Seed Preparation: Don’t believe the whole Internet

Seed preparation for redwood does not necessarily involve five days of soaking without air.

Free at last! Free at last! Redwood, other redwood and coffee tree seeds celebrate their ability to breathe.

So I was talking to my friend Mia this afternoon – our usual chatty chat about how our day has gone, whose neighborhood is hotter (I win! Take THAT, Inland Empire!), what she’s got for sale in her Smart Seeds Etsy shop, what I’m planting, and so on.

I mention it’s time to take the redwood and coffee seeds out of their soak since it’s been five days since I put them on the paper towels in their baggies, and keep talking about the 50 chia seeds I planted “by accident” because my hand slipped and I was going to —

“Wait. What?” Mia.

“What what? I’m going to plant some —” Me, rewinding.

“No. No no. Before that. What you said about baggies. What do you have in baggies?”

“Dawn redwood, those coffee tree seeds, and some other redwood. Why?”

“Why do you have them in baggies!?”

“Aren’t I supposed to soak them? I read on the Internet how to —”  (I think I hear my friend and ever-patient Master Gardener swearing under her breath in a most ladylike manner.)

Then she explains to me that seeds need to be able to BREATHE. Seed preparation isn’t something that applies to every seed you get your hands on. Some want to be nicked. Some have to be soaked. Some you can just plant – like those 50 chia seeds. Why on earth are you planting 50 chia seeds anyway? (I can hear her giggling as she hangs up.)

Oh.

I raced to the dining room table and liberated five dawn redwood seeds, three coffee tree seeds and a handful of the other kind of redwood seeds whose name escapes me.

I swear one gasped, “Ahhhh, air! I can breathe! Thank you, tall human with big glasses.”

Don’t believe everything you read on the Internet. Please. Even if your best friend is a Master Gardener with patience beyond measure.

Oh, and don’t bother soaking chia seeds before you plant them, whether it’s five or 50. They turn into goo. I read that on the Internet – and then I tried it (and they were right).

To your garden success!
Casey – the Garden Lass

 

Germination: How long will it take for X to grow?

Seed germination in two to three weeks, according to the label.

“Germination in 2-3 weeks.” They forgot to tell the basil seeds inside this packet.

The easy answer about seed germination time is “not normally overnight.”

One of the most common questions that new gardeners come up with is “how long will it take this seed to get going?” The best answer is “it depends.”

I know that’s not satisfactory… but when you think about all that’s involved for a seed to decide to grow, it’s pretty dang accurate.

Sweet corn, for instance, takes 4-12 days if the germination conditions are right:

  • – if the soil temperature is between 60F and 95F
  • – if the soil is prepared properly
  • – if the planting depth is at an inch
  • – if the seed is viable (alive and in the mood to grow)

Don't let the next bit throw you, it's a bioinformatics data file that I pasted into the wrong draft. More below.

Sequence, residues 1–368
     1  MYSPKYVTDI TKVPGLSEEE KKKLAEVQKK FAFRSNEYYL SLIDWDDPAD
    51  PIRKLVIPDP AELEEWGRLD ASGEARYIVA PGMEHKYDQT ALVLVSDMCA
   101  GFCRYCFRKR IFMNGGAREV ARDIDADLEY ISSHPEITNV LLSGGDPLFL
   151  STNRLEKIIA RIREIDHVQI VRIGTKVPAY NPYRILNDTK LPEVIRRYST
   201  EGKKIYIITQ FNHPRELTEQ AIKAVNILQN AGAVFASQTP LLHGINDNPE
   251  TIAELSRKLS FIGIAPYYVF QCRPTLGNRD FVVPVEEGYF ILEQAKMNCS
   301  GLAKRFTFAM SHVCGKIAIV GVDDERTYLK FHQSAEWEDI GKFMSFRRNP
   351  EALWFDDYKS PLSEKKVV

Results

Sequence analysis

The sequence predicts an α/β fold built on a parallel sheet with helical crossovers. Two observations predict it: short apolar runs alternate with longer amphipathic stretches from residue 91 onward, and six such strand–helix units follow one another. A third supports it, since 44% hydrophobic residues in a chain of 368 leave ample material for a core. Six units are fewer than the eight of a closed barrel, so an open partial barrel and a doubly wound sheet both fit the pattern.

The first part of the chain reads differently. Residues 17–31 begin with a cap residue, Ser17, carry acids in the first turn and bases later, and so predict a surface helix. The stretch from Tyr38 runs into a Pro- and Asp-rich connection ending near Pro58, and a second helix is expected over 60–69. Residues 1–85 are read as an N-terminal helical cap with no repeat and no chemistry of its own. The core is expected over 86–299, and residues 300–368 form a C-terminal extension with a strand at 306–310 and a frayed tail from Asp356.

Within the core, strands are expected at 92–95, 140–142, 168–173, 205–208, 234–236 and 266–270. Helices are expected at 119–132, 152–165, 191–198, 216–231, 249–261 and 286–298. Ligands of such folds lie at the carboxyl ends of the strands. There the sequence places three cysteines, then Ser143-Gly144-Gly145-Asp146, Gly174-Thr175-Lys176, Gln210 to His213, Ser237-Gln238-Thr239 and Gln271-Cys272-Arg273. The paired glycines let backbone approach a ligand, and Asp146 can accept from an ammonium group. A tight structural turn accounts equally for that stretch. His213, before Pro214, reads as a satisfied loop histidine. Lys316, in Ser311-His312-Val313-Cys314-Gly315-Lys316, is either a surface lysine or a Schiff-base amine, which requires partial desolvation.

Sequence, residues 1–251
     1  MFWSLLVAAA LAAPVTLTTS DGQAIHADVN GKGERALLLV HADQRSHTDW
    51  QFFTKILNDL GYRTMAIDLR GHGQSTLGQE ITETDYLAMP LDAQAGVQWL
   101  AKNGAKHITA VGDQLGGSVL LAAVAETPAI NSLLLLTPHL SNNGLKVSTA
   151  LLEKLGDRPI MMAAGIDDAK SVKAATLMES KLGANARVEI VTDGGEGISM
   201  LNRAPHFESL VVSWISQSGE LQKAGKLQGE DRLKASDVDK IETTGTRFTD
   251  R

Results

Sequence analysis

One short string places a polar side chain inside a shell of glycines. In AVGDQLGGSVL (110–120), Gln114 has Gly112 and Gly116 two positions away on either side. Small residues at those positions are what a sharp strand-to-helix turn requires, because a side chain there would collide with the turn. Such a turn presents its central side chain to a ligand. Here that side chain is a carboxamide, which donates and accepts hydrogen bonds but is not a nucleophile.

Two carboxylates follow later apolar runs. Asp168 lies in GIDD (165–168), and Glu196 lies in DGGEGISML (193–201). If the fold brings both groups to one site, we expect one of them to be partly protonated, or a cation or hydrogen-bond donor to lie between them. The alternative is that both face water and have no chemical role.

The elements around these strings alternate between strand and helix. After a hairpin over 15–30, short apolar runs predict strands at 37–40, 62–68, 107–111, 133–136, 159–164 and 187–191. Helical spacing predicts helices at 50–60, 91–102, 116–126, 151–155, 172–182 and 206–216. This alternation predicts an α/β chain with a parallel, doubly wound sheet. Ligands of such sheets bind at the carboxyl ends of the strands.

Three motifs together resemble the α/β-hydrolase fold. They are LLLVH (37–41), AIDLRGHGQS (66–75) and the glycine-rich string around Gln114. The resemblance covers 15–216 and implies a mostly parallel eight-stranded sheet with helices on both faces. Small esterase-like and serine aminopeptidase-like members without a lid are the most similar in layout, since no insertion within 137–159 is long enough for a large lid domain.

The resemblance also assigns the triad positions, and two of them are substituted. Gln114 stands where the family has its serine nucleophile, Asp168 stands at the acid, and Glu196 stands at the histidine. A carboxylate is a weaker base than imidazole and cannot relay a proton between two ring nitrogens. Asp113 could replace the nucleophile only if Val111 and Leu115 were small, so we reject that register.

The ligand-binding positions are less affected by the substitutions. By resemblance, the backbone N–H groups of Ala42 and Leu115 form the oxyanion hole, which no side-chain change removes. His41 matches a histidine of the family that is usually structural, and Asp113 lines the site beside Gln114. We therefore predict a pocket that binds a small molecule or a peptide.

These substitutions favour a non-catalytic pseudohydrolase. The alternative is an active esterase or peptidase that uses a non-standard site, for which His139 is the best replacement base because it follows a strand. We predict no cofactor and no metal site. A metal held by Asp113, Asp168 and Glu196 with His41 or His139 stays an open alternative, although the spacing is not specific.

• – if the birds don’t dig it up and eat it
  • – if the seed isn’t too old or too dead to grow
  • – if it isn’t overwatered and turned to mush
  • – if the right nutrients are present
  • – if the right amount of moisture is provided.
Overachiever basil ignores seed packet instructions showing germination at 2-3 weeks.

Overachiever basil ignores seed packet instructions showing germination at 2-3 weeks.

This Basil is Ignoring Germination Guidelines

Here’s a basil that popped up after three days. The packet says to expect it in two to three WEEKS. Overachiever? Basil can’t read? Perhaps, or maybe it’s because all the germination conditions were perfect and the seed was in a hurry to get going. Who knows.

Maybe it knew I needed more basil.

Germination General Guidelines

I wrote about this earlier, but failed to take my own advice. I figured if I were going to ignore it ( and apparently so is the basil), it bears repeating.

So before you call your friendly seed purveyor in a panic, here are a few germination times for things you might want to grow.

Here, too, is a nifty Seed Germination Guide from Thompson & Morgan, which used to be included with each seed order. I don’t know if they still do that, but it’s a great way to get started.

To your garden success!
Casey – the Garden Lass

Germination Times for the Patience-Impaired

no germination happening here, just empty peat pots waiting for seeding mix and seeds

Is it soup yet? Is it soup yet? is it…

To keep my 7-year-old Inner Child from checking on freshly seeded pots every 10 minutes – (“Is it soup yet?” “Is it soup yet?” “Is it… ” you get the picture) – here’s a list of some common vegetable germination times.

  • 2-10 days:
    • potatoes (domestic white)
  • 7-14 days:
    • beans, broccoli, brussels sprouts, cabbage, carrots, cauliflower, collards, corn, lettuce, onions, peas, potatoes (red), radishes, spinach, turnips
  • 7-21 days:
    • cucumbers, squash
  • 7-30 days:
    • tomatoes
  • 7-60 days:
    • peppers (varies widely)
  • 14-45 days:
    • gourds, bitter melons
None shows germination times under an hour. Checking if they’ve germinated each time the clock chimes is a waste of time.

Germination varies by growing zone and general climate, but a good rule of thumb is:

  1. Follow packet instructions
  2. Find instructions online if the seed packet doesn’t have them
  3. Germination happens when the seed’s ideal conditions are met
  4. Keep plants with the same germination needs in the same area
  5. For ideal germination results, give seeds consistent light, heat and moisture
  6. Invest in a germination mat or light (or both)